Whether it’s gherkins dunked in peanut-butter or cucumber slices drizzled with honey, your pregnancy will bring about some very interesting cravings over the coming months. Your body will undergo weird and wonderful changes – changes which will alter your relationship with food. Now is the ideal time to begin educating yourself about healthy pregnancy nutrition and the strange cravings that may arise.
Almost all pregnant mothers-to-be (and even some fathers) experience food cravings during pregnancy. Very often, these cravings involve unusual combinations, such as salty ice-cream. Experts have varying opinions about why this strange shift happens, but generally these eating aberrations aren't considered harmful if the craving involves healthy foods and isn’t practised in excess. You may also find that you turn your nose up for dishes that you generally like. Why do your tastes change and, more importantly, what can you do about it?
Hormones play a role in food cravings and aversions during pregnancy, especially during the early stages. There is some evidence to suggest that you may crave nutrients that your body needs. Hormonal shifts can intensify your sense of smell (which heavily influences taste) and are powerful enough to affect food choices.
Most pregnant women make changes to their diet. Ideally, these changes are based on advice from their doctors or dieticians. Women who may have been eating a diet based on junk food may (and should) decide to eat a balanced diet rich in protective nutrients for the sake of their growing babies.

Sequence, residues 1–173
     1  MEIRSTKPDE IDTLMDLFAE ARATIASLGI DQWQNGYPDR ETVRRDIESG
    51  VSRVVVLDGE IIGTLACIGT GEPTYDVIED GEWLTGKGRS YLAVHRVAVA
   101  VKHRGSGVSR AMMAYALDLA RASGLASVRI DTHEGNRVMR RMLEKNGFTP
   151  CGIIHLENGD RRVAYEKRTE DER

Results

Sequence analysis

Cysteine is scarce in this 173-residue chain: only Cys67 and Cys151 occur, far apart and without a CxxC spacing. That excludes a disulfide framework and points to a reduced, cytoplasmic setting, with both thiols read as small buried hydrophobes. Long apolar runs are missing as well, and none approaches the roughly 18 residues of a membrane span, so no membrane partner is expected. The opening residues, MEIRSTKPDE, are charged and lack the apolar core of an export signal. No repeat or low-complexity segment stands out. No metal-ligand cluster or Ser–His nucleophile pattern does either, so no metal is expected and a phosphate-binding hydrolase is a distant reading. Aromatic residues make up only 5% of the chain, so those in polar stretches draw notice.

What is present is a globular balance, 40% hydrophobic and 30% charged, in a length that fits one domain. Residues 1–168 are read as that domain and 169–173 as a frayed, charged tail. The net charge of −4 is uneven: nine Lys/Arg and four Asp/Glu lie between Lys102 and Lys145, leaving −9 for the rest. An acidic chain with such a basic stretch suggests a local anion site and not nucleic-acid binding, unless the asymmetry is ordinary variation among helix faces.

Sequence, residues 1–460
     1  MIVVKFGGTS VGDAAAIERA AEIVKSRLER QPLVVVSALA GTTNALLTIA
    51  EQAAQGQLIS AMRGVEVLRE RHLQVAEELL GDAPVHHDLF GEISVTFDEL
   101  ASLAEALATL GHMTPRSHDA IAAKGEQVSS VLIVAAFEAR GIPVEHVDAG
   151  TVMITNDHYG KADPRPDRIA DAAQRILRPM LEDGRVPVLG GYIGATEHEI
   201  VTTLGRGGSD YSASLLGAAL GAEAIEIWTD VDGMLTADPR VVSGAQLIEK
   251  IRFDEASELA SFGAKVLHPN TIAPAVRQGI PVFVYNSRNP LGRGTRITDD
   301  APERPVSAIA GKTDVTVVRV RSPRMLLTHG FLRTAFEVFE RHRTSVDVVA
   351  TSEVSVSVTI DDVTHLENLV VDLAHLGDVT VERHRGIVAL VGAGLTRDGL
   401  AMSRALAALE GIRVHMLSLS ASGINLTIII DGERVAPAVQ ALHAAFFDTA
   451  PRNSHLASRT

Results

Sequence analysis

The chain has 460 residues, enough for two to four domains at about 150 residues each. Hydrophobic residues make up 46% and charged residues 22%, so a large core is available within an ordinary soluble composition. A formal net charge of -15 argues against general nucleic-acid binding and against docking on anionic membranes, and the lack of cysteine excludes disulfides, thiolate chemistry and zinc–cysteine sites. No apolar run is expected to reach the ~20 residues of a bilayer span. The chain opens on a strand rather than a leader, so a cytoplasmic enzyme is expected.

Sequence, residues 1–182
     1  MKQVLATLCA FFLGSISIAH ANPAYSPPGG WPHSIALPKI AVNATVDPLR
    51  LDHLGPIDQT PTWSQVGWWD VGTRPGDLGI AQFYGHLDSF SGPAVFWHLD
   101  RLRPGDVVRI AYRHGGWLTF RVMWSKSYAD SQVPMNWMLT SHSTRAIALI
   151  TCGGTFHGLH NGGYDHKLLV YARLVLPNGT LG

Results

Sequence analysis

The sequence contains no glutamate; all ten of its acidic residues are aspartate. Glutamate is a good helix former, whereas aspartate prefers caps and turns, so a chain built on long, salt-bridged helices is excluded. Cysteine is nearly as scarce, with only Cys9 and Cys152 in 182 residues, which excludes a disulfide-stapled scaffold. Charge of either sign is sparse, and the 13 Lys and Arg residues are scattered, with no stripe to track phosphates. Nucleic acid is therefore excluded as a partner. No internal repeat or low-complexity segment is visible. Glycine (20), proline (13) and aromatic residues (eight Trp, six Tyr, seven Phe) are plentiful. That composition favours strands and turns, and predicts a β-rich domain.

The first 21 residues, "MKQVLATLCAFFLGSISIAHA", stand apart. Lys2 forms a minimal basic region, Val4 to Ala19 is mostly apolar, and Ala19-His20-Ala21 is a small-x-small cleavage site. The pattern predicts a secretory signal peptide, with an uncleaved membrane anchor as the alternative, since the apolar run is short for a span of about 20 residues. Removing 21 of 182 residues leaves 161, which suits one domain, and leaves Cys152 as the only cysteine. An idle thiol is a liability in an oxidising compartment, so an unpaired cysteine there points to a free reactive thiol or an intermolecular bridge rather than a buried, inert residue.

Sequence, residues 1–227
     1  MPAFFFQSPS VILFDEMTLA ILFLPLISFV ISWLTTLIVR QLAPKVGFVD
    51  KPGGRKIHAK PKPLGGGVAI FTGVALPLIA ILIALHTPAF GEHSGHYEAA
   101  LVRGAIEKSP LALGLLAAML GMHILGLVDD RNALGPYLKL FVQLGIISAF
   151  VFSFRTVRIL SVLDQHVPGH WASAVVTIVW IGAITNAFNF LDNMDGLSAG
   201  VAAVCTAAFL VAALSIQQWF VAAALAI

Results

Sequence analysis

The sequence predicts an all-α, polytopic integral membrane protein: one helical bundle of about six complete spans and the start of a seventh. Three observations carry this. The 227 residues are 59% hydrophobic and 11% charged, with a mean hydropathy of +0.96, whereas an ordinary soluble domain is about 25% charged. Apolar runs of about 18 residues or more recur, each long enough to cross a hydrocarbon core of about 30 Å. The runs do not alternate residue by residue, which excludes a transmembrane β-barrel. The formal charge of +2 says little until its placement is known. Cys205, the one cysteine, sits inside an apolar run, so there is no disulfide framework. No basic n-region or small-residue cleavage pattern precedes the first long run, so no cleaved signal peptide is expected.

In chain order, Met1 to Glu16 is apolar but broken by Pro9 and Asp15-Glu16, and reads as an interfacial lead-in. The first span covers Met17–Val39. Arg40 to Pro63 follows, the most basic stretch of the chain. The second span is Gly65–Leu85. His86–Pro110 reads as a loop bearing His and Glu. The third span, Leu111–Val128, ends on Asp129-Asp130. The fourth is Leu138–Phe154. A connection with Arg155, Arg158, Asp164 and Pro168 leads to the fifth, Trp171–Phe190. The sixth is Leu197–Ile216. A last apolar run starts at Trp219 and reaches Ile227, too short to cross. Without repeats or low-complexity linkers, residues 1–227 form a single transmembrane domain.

Despite the fact that we're now living in the 21st century, many women still adhere to old-fashioned beliefs when it comes to eating during pregnancy. They avoid foods like eggs, meat, milk and pork to the detriment of the health of their bodies and their developing child. It is, however, best to avoid raw fish (such as sushi) as the mercury content may be too high. Also, all fresh produce should be cleaned well. How much weight should you gain?
You need to gain a certain amount of weight during pregnancy to ensure that your baby develops properly. If you start your pregnancy with a normal body weight, then it's important to allow your body and the developing foetus and placenta to increase in weight by 11,5 kg to 16 kg.
Pregnancy is not the time to be figure-conscious. Once the baby is born, you'll lose weight during the birth and shed the last few kilos if you follow a sensible diet, breastfeed your baby and go for walks every day.
Most importantly, if you have any questions regarding cravings, nutrition or general pregnancy, do not hesitate to contact a healthcare professional, who will happily guide you along your journey. For more information, contact Mediclinic Baby:
Tel. 021 943 6039